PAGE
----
Dead fish and acid pollution point to cyanide in stream

By Jerry Mensah-Pah
Paul Ayensu and members of the Concerned Farmers Association of Teberebie.

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When farmer Paul Ayensu finished work on Friday, September 14, he went down to a nearby stream to wash up, as he does every day after work in his village, Teberebie. But on this day as he finished washing his skin immediately began to itch, and he realized something was wrong. He started looking at the stream and saw dead fish. He then went to look at another nearby stream, the Awonabe, and found more dead fish.

Having completed a training program with the environmental and human rights organization WACAM, partly funded by Oxfam America, Ayensu said he could tell what had happened: "WACAM has taught me how to identify a polluted stream," he said. Ayensu then went to alert others in Teberebie that there was a cyanide spill in the streams that supply water and fish for him and about 100 families that live along them.

Ayensu's colleague Emilia Amoateng, leader of the Concerned Farmers' Association of Teberebie, immediately started an investigation. Knowing that cyanide is used to separate gold from ore in the mining projects surrounding Teberebie, she centered her investigation on the polluted streams near the south gate of Gold Fields Ghana mining company, and behind the waste piles of AngloGold Ashanti Iduapriem Mines. However Gold Fields has a drain from its tailings dam (a waste storage area) that runs into the stream. She also found that BARBEX Technical Services, a chemical supply company to the various mines in the area, has also constructed a drain from its warehouse into the stream. An accidental cyanide spill from either of these sources would therefore enter the streams quite easily. Recent heavy rains increased the likelihood that water overflowing from these sites would carry any spilled chemicals into the waters.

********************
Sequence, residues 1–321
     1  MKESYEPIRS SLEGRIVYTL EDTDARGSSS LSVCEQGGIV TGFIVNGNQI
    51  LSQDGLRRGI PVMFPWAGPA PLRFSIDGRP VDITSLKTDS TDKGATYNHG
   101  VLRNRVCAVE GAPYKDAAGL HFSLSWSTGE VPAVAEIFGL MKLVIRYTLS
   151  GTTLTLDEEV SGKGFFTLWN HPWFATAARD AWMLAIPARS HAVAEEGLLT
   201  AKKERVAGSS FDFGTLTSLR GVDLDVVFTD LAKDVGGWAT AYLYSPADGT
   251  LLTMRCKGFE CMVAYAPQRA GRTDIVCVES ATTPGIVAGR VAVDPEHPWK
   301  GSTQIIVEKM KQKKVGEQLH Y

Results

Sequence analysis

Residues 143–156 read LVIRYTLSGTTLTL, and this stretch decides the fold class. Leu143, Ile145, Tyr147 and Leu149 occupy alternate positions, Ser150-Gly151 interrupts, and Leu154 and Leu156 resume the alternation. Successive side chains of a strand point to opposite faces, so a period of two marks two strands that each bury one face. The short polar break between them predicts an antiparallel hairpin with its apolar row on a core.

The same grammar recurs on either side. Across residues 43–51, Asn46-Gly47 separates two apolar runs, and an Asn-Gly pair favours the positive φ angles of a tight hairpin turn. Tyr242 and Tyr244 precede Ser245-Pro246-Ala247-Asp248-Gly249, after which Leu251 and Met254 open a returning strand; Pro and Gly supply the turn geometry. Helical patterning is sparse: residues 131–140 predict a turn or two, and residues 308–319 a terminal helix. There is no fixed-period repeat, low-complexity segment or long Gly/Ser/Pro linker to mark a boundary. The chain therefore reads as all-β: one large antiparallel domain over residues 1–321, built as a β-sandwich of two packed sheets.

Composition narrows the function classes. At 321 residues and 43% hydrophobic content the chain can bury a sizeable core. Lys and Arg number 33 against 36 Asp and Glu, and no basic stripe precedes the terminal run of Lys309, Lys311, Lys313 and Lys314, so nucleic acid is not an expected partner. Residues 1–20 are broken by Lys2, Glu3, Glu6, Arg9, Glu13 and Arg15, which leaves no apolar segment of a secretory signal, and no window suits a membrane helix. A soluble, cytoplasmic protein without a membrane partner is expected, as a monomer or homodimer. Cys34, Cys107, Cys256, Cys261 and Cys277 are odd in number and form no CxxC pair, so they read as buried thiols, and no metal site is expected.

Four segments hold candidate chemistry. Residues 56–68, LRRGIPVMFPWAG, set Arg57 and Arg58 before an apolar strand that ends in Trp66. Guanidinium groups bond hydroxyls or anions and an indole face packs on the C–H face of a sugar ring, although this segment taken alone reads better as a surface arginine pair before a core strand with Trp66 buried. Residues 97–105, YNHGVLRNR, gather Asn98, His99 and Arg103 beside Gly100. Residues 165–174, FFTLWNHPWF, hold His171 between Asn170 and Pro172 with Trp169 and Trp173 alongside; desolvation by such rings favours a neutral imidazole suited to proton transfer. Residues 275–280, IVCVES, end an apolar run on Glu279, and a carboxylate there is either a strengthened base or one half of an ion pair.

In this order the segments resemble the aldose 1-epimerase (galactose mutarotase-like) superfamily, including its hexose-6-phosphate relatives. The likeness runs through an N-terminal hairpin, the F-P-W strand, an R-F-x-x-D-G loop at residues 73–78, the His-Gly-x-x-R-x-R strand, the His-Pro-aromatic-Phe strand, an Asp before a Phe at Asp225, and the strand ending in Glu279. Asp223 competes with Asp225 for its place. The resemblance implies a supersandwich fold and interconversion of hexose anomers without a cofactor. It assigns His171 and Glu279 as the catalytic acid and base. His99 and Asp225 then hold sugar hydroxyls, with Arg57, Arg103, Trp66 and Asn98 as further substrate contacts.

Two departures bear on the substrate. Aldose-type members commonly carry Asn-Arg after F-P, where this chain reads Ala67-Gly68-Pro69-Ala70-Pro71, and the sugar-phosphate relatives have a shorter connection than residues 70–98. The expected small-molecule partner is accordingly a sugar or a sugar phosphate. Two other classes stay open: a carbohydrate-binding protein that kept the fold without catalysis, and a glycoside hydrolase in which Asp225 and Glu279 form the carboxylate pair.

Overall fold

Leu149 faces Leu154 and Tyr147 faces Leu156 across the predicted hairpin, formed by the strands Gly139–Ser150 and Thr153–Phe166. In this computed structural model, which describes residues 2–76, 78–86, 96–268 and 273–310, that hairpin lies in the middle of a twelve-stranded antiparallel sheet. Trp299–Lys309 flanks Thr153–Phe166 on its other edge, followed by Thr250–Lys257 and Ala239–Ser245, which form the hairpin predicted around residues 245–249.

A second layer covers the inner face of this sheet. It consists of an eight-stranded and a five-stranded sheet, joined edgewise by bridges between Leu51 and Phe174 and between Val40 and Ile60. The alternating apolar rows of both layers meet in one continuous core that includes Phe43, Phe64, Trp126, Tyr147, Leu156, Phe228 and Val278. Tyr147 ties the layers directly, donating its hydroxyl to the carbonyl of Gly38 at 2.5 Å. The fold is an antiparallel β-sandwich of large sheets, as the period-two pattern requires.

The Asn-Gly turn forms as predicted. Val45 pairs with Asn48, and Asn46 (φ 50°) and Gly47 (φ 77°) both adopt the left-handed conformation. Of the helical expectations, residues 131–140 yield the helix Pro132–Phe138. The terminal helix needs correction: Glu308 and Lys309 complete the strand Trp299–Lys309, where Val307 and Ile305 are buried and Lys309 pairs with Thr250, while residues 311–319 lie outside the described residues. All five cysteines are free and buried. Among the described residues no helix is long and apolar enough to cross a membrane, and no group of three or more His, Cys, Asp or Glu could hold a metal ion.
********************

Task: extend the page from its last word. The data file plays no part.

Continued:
Moses Ayuba, the district program officer for Ghana's Environmental Protection Agency (EPA) said water tests had shown extremely high levels of acidity, but that he was unable to identify the cause of the acid in the river. He said that further testing on fish and water should help identify the source of the pollution.

Daniel Owusu-Koranteng, the director of WACAM, said that the pollution represented a serious public health problem. "Some people who mistakenly went swimming in the river had their skin peeled off," he said. "Those who drank the polluted water and ate some of the fish are having serious stomach problems. We have helped seven of them get medical attention."

Owusu-Koranteng went on to say that the mining and chemical supply companies have been reluctant to take responsibility for the pollution. "The mining companies and EPA initially tried to push the blame on 'galamsey' [small-scale mining] activities and later shifted the blame to chemical fishing." He went on to say that chemical fishing is unusual in this area, and in any case would never be done during the rainy season when the rivers are high. He also said that people living near the Barbex Technical Services had been previously warned by the company not to drink from the river, and were permitted to take tap water from the company.

Villagers in Teberebie are now calling on the EPA to help them defend their right to live in a clean environment, and are planning a demonstration to bring media attention to this incident.